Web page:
Organizers say more than 300 people turned out Sunday for this year's CROP Walk to fight hunger.
Carlos Graham, a co-chair for the walk who also serves on the Jefferson City Council, said this year marked Lincoln University's third year as a host, although the walks have been held in the city for years. CROP Walks are sponsored nationwide by Church World Service to benefit that group's fight against hunger around the world, and Graham said 25 percent of the proceeds from a town's CROP walk can go toward a local charity. He said the Jefferson City Boys' and Girls' Club, which provides meals for impoverished children, would receive that portion this year. Graham said about 51 percent of the students in the Jefferson City public school system are on free or reduced-price meals, which means those students rely on the schools for their breakfasts and lunches and turn to charities like the Boys' and Girls' Club for their dinners.
After a pep rally at Lincoln University's Soldiers' Memorial Plaza, marchers walked through the streets of Jefferson City, around the Capitol and back to the plaza. The Lincoln University Army ROTC unit led the march, which included groups from a number of churches and spiritual organizations in town as well as Lincoln University's MANNRS (Minorities in Agriculture, Natural Resources & Related Sciences) chapter.
Co-chair Ruth Canada said this year's march drew more children than it has in the past. Several young participants told KRCG 13 they marched because of what they have learned in school and from the media about people starving overseas. Colten Craig said he joined this year because "It was for Boys' and Girls' Club, and they need new stuff, and it was a great time to donate stuff."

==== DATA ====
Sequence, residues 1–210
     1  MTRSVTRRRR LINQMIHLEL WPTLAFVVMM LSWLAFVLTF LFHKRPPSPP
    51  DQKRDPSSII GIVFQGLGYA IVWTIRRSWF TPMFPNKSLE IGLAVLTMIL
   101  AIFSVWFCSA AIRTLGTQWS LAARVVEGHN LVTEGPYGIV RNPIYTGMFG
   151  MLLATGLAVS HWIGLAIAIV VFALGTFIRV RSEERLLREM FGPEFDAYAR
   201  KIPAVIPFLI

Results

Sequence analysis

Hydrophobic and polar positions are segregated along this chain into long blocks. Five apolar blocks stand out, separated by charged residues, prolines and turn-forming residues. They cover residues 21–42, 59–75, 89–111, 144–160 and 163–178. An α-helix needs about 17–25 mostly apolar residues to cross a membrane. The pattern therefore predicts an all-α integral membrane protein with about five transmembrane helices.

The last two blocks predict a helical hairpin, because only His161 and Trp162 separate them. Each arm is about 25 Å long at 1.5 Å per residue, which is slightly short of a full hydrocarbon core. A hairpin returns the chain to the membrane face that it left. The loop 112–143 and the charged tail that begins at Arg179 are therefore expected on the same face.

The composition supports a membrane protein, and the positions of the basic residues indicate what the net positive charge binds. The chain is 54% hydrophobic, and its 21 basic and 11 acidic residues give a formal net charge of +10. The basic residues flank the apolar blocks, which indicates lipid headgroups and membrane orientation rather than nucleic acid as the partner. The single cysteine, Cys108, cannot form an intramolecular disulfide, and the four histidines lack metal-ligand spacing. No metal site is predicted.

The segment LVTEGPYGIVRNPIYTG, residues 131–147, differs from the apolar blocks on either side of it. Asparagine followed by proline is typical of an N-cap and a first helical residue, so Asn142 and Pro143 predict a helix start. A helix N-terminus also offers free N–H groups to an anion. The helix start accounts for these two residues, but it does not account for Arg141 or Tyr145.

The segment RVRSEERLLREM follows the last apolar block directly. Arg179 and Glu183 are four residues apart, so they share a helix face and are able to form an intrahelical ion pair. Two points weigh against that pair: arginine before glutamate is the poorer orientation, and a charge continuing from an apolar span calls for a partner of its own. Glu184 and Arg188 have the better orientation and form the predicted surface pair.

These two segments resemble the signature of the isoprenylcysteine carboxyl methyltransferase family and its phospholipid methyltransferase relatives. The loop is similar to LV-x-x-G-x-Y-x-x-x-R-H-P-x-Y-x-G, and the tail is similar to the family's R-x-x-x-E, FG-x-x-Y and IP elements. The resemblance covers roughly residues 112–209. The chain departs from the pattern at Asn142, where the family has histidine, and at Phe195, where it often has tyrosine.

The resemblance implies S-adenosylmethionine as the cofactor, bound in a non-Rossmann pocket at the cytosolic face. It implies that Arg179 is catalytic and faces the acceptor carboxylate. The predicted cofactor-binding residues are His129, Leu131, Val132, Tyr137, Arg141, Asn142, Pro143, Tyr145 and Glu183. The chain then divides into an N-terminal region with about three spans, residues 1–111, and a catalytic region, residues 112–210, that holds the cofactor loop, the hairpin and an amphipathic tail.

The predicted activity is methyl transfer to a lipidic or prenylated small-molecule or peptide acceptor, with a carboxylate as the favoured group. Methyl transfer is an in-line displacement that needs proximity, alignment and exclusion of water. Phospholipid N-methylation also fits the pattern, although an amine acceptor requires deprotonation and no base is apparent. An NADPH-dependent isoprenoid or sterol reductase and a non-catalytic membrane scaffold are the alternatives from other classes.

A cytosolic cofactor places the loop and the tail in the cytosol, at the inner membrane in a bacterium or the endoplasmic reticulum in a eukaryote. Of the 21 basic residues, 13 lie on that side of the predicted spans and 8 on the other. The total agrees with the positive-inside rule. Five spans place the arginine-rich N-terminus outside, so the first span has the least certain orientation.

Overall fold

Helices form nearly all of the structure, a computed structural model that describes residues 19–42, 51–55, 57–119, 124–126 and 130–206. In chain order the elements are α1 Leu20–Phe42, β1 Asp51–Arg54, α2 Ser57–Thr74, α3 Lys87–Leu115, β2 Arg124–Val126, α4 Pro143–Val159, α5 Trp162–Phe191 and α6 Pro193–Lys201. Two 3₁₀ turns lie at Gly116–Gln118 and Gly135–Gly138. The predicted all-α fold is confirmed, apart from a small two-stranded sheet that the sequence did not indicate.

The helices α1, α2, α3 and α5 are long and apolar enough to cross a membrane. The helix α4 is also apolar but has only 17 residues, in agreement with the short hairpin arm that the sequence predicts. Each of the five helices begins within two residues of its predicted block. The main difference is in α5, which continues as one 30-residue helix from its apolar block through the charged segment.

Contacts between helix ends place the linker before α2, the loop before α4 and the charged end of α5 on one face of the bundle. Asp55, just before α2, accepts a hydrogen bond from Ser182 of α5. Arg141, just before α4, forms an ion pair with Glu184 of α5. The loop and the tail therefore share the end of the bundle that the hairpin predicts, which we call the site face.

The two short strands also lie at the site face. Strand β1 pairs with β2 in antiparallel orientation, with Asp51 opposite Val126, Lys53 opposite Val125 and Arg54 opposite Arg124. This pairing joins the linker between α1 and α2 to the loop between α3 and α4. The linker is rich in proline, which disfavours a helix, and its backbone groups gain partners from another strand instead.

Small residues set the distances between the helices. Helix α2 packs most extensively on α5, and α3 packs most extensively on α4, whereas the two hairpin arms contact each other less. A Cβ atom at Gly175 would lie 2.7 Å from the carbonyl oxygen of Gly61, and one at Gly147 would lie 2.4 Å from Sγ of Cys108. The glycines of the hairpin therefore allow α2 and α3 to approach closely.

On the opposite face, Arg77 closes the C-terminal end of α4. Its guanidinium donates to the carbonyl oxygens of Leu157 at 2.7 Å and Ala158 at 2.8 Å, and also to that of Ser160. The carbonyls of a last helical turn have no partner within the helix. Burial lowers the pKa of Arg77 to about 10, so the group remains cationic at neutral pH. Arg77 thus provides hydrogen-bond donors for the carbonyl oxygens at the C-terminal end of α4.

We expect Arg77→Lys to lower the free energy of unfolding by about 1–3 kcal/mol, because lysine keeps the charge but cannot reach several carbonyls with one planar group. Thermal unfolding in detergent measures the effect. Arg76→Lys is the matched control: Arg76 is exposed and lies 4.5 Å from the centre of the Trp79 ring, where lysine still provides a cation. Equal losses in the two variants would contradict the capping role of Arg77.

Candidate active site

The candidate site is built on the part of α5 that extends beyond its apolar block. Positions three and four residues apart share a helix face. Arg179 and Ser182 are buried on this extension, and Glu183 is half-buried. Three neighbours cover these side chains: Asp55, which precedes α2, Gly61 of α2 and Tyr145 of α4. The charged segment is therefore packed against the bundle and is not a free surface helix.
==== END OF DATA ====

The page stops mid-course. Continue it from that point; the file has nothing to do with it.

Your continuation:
Darrion Lowery said, "I was watching on the news that a lot of people in different countries are hungry and they don't get to eat, so I thought I could make a change and walk for them."
Lincoln University President Kevin Rome said it is important for the university to stay involved with the community and hosting the CROP Walk is a good way to do so. He said he was pleased to see so many young people participate and get some exercise while they were at it.
Canada said organizers would not know how much Sunday's march raised for some time, but last year's march raised $10,000.
Sunday's CROP Walk also served to open Homecoming Week at Lincoln University. Following the walk and an ice cream social, some participants headed to Dwight T. Reed Memorial Stadium for a school pep rally and gospel concert. This year's Homecoming festivities include the formal inauguration of Kevin Rome, who has served as university president since June 1.